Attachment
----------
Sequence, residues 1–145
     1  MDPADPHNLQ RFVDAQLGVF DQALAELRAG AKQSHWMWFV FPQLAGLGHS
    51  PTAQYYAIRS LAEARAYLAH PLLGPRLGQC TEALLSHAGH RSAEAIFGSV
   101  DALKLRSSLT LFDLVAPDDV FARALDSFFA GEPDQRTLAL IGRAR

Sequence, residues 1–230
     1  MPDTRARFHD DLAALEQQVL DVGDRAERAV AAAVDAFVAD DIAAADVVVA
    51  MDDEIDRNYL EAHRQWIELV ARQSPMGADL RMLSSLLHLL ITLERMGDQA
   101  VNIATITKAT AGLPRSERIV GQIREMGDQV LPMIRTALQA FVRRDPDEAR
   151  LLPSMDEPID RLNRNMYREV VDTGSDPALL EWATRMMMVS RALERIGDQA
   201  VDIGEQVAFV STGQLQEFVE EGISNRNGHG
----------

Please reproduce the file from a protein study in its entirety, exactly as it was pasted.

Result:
Sequence, residues 1–145
     1  MDPADPHNLQ RFVDAQLGVF DQALAELRAG AKQSHWMWFV FPQLAGLGHS
    51  PTAQYYAIRS LAEARAYLAH PLLGPRLGQC TEALLSHAGH RSAEAIFGSV
   101  DALKLRSSLT LFDLVAPDDV FARALDSFFA GEPDQRTLAL IGRAR

Sequence, residues 1–230
     1  MPDTRARFHD DLAALEQQVL DVGDRAERAV AAAVDAFVAD DIAAADVVVA
    51  MDDEIDRNYL EAHRQWIELV ARQSPMGADL RMLSSLLHLL ITLERMGDQA
   101  VNIATITKAT AGLPRSERIV GQIREMGDQV LPMIRTALQA FVRRDPDEAR
   151  LLPSMDEPID RLNRNMYREV VDTGSDPALL EWATRMMMVS RALERIGDQA
   201  VDIGEQVAFV STGQLQEFVE EGISNRNGHG